For the first half of this year, Hong Kong’s stock market saw a 60 percent rise in average daily turnover to HK$187.6 billion (US$24.1 billion) compared to the same period last year. Much of this growth was due to an influx of funds from the mainland, and with growing U.S.-China tensions, this influx should not just expect to continue but to increase. Hong Kong bank deposits increased by 5.4 percent in 2020 while foreign direct investment into the city surged by a whopping 62 percent to US$119 billion, though this was due to a low base in 2019.

There were also 46 initial public offerings in Hong Kong in the first half of this year, raising a total of HK$213.2 billion (US$24.7 billion), a whopping 130 percent increase from the same period in 2020, according to KPMG International. These include the HK$48 billion listing of Chinese video-sharing service Kuaishou Technology and the HK$23 billion listing of JDLogistics.

Hong Kong remains the major choice for Chinese companies to list outside of the mainland, and there are expectations that some that have listed in the United States will move listings to Hong Kong to escape tighter scrutiny on Chinese firms.

Meanwhile, the likes of Citigroup and Goldman Sachs are actually increasing hiring by thousands of people this year, contradicting expectations that firms would downgrade their operations. Nonlocal companies based in Hong Kong fell by 0.2 percent year-on-year last June. However, one notable example, asset management giant Vanguard Group, is actually leaving Hong Kong for Shanghai to increase its mainland China operations.

There are also fewer expectations these days that Hong Kong could be replaced as a finance hub by places like Singapore, Tokyo, or even Taipei. It is fanciful to expect firms that want to do transactions with China to move further away, especially to places like Taipei, where it is politically sensitive and restrictive to do business with Beijing.

Hong Kong’s biggest advantage of being physically located next to mainland China, adjacent to the tech hub of Shenzhen, is something none of its rivals, especially Singapore, can replicate.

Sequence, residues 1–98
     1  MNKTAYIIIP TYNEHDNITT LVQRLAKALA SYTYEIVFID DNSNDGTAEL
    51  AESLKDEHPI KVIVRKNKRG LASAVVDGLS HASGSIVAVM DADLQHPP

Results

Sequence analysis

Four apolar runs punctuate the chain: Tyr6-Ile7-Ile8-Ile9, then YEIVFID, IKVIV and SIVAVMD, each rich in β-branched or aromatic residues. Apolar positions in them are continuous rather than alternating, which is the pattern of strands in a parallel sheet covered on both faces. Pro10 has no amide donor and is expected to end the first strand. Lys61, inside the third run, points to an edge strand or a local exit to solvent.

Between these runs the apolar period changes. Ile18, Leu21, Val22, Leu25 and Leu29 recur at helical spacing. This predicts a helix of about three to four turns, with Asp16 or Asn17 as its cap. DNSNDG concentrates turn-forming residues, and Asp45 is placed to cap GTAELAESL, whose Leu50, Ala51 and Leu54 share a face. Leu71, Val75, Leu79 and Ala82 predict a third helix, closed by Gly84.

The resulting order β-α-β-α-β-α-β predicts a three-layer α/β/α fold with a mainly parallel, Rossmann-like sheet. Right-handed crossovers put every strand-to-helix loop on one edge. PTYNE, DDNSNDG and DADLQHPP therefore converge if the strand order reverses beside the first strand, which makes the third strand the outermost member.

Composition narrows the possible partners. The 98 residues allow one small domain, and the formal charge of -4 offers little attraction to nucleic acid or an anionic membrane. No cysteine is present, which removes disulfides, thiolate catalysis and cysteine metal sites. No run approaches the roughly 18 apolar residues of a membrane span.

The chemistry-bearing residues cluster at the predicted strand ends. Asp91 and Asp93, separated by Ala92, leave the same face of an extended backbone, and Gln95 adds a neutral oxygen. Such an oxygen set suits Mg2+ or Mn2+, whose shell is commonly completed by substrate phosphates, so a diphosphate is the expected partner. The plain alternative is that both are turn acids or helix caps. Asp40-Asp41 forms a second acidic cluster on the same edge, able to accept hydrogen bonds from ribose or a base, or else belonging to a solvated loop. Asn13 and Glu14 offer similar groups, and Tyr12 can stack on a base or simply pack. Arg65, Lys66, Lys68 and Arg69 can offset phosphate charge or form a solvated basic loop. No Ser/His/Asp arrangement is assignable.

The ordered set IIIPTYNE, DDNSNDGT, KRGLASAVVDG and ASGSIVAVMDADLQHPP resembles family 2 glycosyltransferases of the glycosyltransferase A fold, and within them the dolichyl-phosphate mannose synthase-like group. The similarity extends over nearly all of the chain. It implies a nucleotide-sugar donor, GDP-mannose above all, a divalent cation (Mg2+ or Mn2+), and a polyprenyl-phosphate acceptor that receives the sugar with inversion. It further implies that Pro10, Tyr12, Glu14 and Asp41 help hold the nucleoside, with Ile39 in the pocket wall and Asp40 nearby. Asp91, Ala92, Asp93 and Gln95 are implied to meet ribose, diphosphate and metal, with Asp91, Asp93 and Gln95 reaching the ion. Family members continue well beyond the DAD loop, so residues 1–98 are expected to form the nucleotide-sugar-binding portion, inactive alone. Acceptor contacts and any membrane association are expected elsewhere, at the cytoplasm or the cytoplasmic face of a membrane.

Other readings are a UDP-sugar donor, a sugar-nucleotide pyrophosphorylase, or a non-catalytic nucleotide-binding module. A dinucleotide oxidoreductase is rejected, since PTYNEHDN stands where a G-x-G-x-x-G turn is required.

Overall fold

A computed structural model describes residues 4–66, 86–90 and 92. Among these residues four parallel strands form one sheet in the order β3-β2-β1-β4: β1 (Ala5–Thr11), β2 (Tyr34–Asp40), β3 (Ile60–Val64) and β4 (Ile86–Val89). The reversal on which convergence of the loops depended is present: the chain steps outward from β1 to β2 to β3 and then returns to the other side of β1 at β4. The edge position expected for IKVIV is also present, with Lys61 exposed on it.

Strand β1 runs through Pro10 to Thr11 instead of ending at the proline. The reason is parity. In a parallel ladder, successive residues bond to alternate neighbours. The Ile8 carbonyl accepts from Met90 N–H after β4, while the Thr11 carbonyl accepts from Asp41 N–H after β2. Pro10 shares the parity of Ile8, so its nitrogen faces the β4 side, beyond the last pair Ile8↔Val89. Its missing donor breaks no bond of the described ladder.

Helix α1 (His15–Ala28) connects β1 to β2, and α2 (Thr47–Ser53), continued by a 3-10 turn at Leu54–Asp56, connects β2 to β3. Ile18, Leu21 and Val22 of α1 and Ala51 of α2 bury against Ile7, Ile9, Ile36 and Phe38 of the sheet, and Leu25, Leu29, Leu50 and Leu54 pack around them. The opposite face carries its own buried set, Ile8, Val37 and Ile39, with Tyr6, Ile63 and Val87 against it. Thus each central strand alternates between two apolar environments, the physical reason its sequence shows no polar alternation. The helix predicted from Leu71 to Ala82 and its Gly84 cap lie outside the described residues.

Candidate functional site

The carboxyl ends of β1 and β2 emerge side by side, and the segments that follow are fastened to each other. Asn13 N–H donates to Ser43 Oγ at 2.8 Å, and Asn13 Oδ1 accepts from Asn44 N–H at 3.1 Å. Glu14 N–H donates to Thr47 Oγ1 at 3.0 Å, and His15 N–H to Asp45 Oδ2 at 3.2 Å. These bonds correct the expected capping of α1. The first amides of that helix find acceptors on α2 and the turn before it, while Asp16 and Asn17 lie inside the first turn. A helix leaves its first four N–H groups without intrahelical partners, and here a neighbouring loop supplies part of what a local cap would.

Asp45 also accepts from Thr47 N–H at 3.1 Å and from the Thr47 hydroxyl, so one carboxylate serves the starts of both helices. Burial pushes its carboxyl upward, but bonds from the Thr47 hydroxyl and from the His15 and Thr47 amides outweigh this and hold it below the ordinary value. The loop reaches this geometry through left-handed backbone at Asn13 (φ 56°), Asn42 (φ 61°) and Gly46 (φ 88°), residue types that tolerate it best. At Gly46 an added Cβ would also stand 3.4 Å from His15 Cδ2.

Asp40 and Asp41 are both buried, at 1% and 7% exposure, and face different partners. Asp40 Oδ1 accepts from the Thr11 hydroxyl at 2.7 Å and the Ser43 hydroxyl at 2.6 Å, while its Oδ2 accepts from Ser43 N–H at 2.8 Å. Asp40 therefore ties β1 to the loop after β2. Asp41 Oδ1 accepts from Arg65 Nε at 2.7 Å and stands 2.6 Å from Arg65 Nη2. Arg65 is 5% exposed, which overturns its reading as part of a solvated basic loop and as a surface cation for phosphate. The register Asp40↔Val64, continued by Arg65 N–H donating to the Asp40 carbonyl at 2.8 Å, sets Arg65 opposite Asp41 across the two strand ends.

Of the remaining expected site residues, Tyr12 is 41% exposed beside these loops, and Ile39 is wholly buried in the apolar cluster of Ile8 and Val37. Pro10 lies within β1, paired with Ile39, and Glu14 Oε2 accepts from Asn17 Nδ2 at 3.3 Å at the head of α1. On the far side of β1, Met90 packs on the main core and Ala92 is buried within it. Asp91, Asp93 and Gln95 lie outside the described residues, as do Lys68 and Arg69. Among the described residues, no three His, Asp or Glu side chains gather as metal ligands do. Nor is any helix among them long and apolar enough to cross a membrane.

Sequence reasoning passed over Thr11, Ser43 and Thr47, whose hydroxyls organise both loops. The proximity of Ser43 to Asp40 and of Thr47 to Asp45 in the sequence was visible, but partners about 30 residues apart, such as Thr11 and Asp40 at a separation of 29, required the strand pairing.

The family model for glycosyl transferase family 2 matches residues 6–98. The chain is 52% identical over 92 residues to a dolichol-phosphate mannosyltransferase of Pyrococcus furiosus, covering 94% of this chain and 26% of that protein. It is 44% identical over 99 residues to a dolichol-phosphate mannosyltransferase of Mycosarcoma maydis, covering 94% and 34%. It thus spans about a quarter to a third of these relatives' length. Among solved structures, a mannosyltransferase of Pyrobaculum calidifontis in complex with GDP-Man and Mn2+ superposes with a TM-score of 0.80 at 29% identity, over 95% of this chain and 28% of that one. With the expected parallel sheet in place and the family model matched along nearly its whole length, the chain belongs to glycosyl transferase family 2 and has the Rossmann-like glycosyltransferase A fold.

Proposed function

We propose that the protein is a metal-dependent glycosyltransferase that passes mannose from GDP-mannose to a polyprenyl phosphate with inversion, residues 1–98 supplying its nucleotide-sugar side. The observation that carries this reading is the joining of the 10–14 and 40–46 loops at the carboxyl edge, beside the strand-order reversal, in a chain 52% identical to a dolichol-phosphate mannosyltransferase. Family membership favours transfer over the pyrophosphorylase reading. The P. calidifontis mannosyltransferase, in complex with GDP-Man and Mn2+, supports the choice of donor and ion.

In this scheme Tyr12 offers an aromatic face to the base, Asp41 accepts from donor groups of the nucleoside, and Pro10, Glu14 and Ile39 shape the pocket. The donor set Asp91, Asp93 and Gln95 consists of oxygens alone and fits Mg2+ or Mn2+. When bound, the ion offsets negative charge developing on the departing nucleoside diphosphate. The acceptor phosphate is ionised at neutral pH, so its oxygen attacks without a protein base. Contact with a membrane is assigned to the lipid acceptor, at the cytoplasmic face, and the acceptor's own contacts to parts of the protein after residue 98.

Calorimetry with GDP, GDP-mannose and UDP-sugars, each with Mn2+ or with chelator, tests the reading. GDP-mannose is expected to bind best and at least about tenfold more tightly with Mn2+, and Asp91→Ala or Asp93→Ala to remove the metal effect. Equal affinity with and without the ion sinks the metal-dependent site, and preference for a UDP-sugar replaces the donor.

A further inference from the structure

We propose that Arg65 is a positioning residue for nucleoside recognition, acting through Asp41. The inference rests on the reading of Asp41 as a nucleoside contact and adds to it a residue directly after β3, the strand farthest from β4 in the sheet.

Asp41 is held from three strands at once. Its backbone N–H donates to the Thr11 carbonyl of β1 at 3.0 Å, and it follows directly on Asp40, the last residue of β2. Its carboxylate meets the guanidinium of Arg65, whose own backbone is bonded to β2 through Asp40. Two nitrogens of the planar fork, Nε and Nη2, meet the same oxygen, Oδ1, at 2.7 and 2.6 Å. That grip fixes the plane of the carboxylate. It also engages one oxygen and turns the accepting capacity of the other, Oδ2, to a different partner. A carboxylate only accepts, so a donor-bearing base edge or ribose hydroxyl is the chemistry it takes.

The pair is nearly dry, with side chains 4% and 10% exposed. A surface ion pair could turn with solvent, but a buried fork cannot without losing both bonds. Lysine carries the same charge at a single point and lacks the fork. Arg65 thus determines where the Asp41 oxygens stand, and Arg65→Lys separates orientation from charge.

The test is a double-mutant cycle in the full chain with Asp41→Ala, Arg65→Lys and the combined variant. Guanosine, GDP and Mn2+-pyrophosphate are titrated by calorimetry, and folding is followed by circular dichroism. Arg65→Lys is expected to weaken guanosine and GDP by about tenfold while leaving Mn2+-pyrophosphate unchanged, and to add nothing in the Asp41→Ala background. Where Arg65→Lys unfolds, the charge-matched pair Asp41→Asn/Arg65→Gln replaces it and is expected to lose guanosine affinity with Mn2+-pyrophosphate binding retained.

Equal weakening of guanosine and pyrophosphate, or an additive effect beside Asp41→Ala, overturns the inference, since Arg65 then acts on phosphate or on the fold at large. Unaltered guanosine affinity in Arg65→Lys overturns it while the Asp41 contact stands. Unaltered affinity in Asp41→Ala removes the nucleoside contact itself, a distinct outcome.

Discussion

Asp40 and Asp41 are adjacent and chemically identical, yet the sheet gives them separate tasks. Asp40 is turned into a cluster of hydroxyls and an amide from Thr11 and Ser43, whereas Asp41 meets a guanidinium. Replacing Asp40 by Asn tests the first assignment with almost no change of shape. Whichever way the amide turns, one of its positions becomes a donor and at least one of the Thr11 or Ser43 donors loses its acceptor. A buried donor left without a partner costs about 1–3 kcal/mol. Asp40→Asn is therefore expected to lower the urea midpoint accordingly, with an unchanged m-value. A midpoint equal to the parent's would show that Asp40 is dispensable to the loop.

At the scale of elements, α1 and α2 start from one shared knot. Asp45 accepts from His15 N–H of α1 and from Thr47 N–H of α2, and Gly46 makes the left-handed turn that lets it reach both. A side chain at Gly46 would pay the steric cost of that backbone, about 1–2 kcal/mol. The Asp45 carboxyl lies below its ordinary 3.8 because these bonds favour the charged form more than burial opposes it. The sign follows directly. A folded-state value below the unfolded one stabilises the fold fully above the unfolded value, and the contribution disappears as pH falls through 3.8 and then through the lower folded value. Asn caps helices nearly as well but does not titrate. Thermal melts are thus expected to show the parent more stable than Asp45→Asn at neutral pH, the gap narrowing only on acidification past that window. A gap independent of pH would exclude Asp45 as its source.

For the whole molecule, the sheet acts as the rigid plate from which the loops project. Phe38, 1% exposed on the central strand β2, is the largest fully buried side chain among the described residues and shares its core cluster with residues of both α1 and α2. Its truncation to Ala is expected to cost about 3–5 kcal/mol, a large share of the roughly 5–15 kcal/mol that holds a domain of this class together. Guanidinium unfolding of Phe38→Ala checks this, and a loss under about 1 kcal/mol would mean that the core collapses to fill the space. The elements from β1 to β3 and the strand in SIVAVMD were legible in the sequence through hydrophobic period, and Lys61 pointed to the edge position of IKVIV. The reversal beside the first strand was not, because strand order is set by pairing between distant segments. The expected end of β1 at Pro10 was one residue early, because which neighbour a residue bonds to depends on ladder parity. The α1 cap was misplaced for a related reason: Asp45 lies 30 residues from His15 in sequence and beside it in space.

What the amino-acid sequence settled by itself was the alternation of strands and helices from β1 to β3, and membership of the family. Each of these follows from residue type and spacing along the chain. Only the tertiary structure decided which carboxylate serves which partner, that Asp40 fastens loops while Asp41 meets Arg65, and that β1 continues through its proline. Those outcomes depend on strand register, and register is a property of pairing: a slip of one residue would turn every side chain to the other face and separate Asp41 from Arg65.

For many foreign businesses operating in Hong Kong, there is a level of concern about the NSL, which expands authorities’ powers to search, seize, and freeze the assets of those accused of violating the law. A survey by the American Chamber of Commerce in Hong Kong revealed more than 40 percent of respondents, but which was only 24 percent of the chamber’s membership, plan to or might consider leaving.

However, without any viable alternative to Hong Kong, most international firms are likely to either stay or move just part of their operations to other places. Chinese companies are also the most numerous nonlocal firms in Hong Kong, with almost 2,000 firms as of the end of 2020, followed by 1,398 Japanese firms and 1,283 U.S. firms. That doesn’t mean more international companies might leave Hong Kong in the future, but for now, Hong Kong’s role as China’s financial gateway to the world is still intact.

The experience of one of the world’s biggest banks, HSBC, is telling. It has been forced to bend the knee to Beijing and publicly support the NSL, but there is little chance it would pull out from Hong Kong or reduce its operations there given as much as 90 percent of HSBC’s profits come from Asia, specifically Hong Kong.

Although not many companies are leaving, many people are. The NSL has led to some Hong Kongers wanting to emigrate to more democratic societies. In the first quarter of this year, more than 34,000 Hong Kongers, of which 13,700 individuals were already in the country, applied for the U.K.’s BNO route, a special residency offer for holders of British National (Overseas) passports, which are only for Hong Kong permanent residents born before the handover in 1997. In 2020, Hong Kong’s population declined by 0.6 percent, the first since 2003.